How to Control an Angry Child

How to Control an Angry Child

Every child is different and even their reaction to similar situations is unique as an individual. Therefore, it can be pretty unfair to toss out comments like, “why can’t you be like Jimmy!?”
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While one kid may show anger by silently going to his room, another may sit around and mope. Some are likely to break toys, throw a temper tantrum, or display a hissy fit of rage. If I had interviewed my father on his opinion for handling such a child, his answers would contain words such as “belt”, “backhand”, “until crying stops”.
But I did not.
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Fortunately for the kids these days, opening a can of whooping on a child is frowned upon. Dealing with an angry child calls for immense endurance, understanding and restrained. The old fashioned hand-across-face maneuver will cause severe ramifications, apparently, when a child becomes an adult. Fans of the sitcom That 70s Show will be able to identify the destructive relationship between the wimpy Eric and his war veteran dad, Red Foreman.
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Managing anger is the most sensitive issue that kids face today. Children who can learn to cope with their anger have a head start on handling fears and other negative emotions. There are basically three ways of dealing with anger and only the third should be considered healthy. These are:
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• Muscle the anger – Some kids express anger by physically lashing out so that a friend, sibling or parent can literally feel it.
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• Mouthing the anger – Usually very hurtful to the receiving party, verbal abuse always backfires on the angry person.
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• Managing the anger – This involves expressing anger in ways that are in no way hurtful to anyone including themselves.
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There are various methods used in controlling anger in kids. Here are some of the steps that can help form the basis of managing anger:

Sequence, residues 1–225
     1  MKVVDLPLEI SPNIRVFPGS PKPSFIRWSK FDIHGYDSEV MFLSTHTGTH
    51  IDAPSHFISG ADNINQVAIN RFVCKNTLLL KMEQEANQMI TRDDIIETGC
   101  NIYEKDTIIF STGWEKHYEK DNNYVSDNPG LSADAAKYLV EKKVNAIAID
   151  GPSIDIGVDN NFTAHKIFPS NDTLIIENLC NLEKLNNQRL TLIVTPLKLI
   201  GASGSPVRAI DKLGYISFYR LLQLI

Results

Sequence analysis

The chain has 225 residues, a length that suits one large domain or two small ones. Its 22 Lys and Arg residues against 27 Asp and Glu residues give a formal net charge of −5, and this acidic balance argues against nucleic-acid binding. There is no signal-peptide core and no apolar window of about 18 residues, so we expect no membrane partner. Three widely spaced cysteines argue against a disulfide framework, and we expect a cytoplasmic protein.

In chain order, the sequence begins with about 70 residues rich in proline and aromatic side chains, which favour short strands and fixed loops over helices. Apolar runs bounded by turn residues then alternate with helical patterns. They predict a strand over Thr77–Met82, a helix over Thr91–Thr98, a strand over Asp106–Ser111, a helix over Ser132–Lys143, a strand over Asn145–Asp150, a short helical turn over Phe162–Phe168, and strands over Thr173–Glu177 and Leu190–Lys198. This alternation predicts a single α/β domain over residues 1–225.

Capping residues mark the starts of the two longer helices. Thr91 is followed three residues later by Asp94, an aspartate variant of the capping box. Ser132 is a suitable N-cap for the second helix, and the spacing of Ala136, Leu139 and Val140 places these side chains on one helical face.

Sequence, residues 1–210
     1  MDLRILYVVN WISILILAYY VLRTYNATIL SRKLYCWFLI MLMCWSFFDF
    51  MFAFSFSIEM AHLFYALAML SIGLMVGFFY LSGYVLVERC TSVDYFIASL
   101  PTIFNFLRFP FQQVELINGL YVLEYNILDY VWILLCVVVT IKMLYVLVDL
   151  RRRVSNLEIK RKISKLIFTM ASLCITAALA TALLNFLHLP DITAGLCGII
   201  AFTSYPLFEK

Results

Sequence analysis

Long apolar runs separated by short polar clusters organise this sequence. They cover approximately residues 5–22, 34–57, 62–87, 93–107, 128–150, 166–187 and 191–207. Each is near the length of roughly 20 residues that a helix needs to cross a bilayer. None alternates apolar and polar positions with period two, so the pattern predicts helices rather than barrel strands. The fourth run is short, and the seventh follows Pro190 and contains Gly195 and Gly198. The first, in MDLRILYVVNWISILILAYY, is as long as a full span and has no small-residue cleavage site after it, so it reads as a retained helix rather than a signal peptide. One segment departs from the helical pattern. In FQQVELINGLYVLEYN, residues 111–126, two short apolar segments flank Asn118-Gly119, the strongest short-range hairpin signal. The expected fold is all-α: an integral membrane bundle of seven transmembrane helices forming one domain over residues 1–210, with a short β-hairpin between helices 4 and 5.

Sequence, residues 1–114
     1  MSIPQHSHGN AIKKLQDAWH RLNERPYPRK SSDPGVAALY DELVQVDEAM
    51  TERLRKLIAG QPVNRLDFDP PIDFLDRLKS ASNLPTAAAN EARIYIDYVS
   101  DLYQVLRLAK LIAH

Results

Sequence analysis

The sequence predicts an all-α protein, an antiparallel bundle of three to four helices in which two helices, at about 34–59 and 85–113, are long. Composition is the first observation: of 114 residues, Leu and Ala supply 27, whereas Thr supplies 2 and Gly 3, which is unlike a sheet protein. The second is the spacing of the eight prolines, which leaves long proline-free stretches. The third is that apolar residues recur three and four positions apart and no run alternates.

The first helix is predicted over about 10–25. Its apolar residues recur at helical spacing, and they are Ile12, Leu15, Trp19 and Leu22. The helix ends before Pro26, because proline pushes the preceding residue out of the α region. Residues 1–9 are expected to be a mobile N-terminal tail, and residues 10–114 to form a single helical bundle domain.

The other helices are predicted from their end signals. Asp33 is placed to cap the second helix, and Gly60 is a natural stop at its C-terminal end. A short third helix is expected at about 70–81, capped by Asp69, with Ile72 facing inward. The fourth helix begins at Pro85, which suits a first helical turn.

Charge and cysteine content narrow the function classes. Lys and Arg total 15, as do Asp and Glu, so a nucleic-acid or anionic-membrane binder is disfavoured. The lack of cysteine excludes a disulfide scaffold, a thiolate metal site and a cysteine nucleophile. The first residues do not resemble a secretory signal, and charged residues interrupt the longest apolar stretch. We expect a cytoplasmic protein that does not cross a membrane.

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• Identification: The foremost step is to the help children identify when they get angry and what happens after they do. Are there any noticeable physical signs attached? What comes to their mind when angered? We all have different reactions but tension and heavy breathing are common reactions.
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• Naming it: Yes! We need to help them name it. Helping them develop a vocabulary focused around anger. "About to lose it", "short fuse" are some likely ones. Children can probably help you create more! Naming their emotion is a welcomed step to controlling anger.
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• Choosing: Even as parents, we also find it difficult in making choices that affects our lives in the long run. Helping a child with anger problems to recognize that they have a choice make. Either to stay in control or lose control when they get angry might be difficult, but it is achievable.
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• Expression: Encouraging a child with anger problems to verbally express themselves is healthy. Let them know that yelling when they are angry is not. The use of “I” in statements is another way of letting people know how they feel. This is a reasonable way of being heard and letting out the anger.
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• Display: Some children still find it difficult to express anger verbally, and we parent need to help them find a genuine physical way to letting out their anger. Some may go for a run or play physical games to let out their anger. They may even pour their anger into some form of work or productive activities of choice.
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Someone shared this story with me once and I want to pass it on to you:
Jimmy was a very hot tempered boy and he would say and do things to hurt people in times of anger, though he was always apologetic and remorseful after the tirade. To teach him a lesson, Jimmy’s father told him to hammer a nail into the wooden fence of their backyard every time he feels angry instead of taking it out on others. Days turned to weeks, and weeks turned to months. By the end of that year, the fence was filled with nails. Jimmy’s father instructed Jimmy to remove all the nails, and Jimmy did so, one by one, until eventually all that was left on the wooden fence were holes.
“So you see, son,” Jimmy’s father said. “You may have removed the nails but the holes remain, and that is the damage you would have done if you have allowed your temper to affect others.”
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Written by Eugene Tay, founder of Brain & Butter and Monsters Under the Bed.

When Eugene was a young boy, he wanted to be an astronaut. When that didn't take off, he decided that he was going to be like Indiana Jones and explore the world as an archaeologist. Eventually, he figured out how he can do both. That's when he became a writer.

The Team @ Owl Readers Club

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